Prime Minister Scott Morrison has kept the door open for Novak Djokovic to return to Australia before the completion of a three-year ban on entering the country.
The tennis star’s visa was cancelled by Immigration Minister Alex Hawke on Friday using discretionary powers, a decision upheld by a Federal Court.
Under such a decision, Djokovic would be banned from re-entering the country for a three-year period.
While some ministers have said Djokovic, 34, might have played his last tennis match in Australia, Mr Morrison said there was a possibility of him returning before the completion of the ban.
He told radio station 2GB Djokovic could be allowed to return under the right circumstances.
“I’m not going to precondition any of that or say anything that would not enable the minister to make the various calls they have to make,” Mr Morrison said.
“It does go over a three-year period, but there is the opportunity for [Djokovic] to return in the right circumstances and that would be considered at the time.”
The world No.1 flew out of Melbourne on Sunday night, hours after the Federal Court rejected his bid to stay in the country and compete at the Australian Open.
He arrived in Dubai on Monday afternoon, Australian time.
Home Affairs Minister Karen Andrews said Djokovic had potentially played his last Australian Open match, due to entry requirements stipulating travellers must be vaccinated or have a valid medical exemption.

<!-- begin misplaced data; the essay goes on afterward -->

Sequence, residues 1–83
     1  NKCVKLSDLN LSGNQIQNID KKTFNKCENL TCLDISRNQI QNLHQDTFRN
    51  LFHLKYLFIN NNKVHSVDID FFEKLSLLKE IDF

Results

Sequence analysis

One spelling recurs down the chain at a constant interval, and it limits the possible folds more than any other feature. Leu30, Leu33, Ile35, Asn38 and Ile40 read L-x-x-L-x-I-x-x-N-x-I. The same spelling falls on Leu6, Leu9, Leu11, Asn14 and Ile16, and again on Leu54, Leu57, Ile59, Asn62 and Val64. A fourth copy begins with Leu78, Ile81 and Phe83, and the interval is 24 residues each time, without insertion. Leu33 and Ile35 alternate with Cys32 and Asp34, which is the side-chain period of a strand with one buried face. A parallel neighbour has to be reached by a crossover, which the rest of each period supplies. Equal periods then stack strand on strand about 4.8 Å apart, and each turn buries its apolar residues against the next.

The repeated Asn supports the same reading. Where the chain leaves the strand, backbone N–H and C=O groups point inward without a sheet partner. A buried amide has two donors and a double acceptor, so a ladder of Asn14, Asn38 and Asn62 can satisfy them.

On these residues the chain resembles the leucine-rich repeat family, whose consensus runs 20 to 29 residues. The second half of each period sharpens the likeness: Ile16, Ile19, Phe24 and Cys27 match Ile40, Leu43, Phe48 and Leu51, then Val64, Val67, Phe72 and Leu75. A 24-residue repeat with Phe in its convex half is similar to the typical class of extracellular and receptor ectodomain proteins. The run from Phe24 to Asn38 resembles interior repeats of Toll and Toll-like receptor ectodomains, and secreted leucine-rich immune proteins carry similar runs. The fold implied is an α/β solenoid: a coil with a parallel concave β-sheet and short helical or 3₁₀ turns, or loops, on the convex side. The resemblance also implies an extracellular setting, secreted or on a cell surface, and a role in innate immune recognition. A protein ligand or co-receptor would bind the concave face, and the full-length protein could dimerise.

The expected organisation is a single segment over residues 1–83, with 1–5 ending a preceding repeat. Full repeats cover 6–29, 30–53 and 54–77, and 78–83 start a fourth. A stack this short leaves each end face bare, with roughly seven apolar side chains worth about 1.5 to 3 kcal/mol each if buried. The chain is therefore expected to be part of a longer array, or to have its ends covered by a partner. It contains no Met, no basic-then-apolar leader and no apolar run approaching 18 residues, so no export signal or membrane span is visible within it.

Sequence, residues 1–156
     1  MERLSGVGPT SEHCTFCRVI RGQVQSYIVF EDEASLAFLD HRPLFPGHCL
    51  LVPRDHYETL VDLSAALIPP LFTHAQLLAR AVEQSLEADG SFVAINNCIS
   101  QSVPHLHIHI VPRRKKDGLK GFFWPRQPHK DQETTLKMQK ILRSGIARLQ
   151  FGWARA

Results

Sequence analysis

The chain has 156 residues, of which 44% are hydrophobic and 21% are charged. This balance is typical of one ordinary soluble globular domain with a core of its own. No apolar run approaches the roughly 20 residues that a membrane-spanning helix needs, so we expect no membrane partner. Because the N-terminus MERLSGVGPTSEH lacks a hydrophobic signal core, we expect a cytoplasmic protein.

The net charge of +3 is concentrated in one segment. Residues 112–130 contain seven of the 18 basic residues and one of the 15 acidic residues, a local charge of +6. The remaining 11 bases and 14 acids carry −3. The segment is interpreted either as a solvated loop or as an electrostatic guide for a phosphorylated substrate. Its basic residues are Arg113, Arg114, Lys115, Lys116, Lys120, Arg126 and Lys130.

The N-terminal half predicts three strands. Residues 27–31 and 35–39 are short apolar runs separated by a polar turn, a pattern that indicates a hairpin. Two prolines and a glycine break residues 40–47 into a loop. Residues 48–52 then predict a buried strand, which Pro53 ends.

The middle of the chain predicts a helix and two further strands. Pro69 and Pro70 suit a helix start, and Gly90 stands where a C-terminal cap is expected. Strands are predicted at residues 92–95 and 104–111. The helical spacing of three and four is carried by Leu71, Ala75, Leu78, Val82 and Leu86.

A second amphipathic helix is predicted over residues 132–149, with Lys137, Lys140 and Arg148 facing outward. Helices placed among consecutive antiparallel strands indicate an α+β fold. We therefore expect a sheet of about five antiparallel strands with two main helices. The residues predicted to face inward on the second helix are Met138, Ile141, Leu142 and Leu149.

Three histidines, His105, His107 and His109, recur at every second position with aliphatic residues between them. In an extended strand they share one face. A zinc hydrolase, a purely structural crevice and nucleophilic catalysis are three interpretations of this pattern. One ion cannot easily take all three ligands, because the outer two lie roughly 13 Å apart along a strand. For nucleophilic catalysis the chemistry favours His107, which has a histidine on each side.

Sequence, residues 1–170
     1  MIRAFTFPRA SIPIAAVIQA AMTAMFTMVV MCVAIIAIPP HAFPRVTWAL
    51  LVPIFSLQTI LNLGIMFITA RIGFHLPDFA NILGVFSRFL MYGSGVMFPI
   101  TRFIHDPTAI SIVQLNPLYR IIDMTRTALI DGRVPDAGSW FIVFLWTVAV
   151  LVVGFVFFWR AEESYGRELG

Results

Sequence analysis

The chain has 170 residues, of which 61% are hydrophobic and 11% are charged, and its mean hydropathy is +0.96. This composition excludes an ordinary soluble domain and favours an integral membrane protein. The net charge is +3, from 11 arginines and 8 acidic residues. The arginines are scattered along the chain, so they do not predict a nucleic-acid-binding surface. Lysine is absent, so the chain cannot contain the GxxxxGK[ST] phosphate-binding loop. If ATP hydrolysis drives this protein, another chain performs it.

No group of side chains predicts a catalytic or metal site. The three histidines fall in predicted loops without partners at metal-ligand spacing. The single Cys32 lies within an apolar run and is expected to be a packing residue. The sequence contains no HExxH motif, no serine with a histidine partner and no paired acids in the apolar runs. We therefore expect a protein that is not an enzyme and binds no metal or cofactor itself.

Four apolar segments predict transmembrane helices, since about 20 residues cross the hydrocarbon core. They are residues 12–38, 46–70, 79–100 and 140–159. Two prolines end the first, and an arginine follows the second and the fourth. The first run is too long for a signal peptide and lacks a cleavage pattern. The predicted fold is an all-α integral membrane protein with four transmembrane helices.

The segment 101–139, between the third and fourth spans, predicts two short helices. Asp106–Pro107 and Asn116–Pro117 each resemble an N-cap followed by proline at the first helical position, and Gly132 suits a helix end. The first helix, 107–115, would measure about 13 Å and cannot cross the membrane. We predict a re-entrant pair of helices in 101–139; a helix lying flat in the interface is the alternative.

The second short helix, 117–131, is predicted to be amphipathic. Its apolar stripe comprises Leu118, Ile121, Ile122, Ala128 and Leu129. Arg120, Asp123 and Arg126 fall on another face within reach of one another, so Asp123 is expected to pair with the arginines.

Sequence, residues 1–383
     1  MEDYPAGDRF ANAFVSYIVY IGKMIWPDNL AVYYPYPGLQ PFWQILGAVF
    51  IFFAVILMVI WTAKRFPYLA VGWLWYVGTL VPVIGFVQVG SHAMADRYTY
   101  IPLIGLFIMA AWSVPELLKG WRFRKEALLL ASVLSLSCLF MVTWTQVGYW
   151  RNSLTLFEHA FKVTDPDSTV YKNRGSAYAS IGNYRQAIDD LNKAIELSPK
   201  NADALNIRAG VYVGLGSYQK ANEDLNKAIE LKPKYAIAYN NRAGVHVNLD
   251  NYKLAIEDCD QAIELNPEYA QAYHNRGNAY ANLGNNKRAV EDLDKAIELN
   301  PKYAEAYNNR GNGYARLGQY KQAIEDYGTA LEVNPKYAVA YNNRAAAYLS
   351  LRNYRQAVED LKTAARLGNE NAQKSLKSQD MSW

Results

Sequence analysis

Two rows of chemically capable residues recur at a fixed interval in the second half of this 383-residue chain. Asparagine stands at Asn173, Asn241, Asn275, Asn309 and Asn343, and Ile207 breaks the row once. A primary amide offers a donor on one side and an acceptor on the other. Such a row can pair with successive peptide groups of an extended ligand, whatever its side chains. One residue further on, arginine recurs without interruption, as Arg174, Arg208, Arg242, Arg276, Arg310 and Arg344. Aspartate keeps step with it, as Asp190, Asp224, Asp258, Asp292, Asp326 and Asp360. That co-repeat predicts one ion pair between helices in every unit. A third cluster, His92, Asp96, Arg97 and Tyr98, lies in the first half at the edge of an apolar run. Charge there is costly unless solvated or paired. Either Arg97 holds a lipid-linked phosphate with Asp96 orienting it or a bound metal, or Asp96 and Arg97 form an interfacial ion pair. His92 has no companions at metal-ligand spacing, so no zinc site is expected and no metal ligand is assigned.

The three-year ban could be eased sooner, but Ms Andrews said there would need to be compelling reasons for that to happen.
“Any applicant would need to go through the process, it doesn’t matter if you’re Novak Djokovic or anyone else … it’s not a straightforward process,” she said.
“The saga could have been avoided if Novak Djokovic was vaccinated.”
While Labor’s home affairs spokeswoman Kristina Keneally welcomed the decision to cancel Djokovic’s visa, she said the situation had been handled poorly by the government.
“This has been a situation that is entirely preventable because the Morrison government gave Novak Djokovic a visa on November 18 and for 60 days failed to act,” she said in Sydney.
“They should have cancelled his visa back on November 18. They shouldn’t have given him one.”
However, Treasurer Josh Frydenberg said Djokovic was initially granted the visa through an automated process.
“We get lots of visas, there’s a computer-generated process. It relies on the applicant putting in what they believe are their conditions,” he told the Seven Network.
“[Djokovic] said that he had a legitimate exemption, but that wasn’t the case, and ultimately the decision of the minister was upheld.”
The deportation decision has also led to Serbian President Aleksandar Vucic accusing Australia of “torturing” the tennis star.
Speaking on the BBC, Mr Vucic criticised Australia’s handling of the situation, likening it to a witch hunt.
Labor also hit out at the government for cancelling Djokovic’s visa due to fears the tennis player would incite anti-vaccination sentiment, when multiple government members have expressed anti-vaccination views previously.
However, Mr Morrison said such criticism was conflating two separate issues.
“If you’re an Australian, you’re a resident and you’re a citizen, you can be here and you can express your views,” he said.
“If you’re someone coming from overseas and there are conditions for you to enter this country, well you have to comply with them, it’s as simple as that.”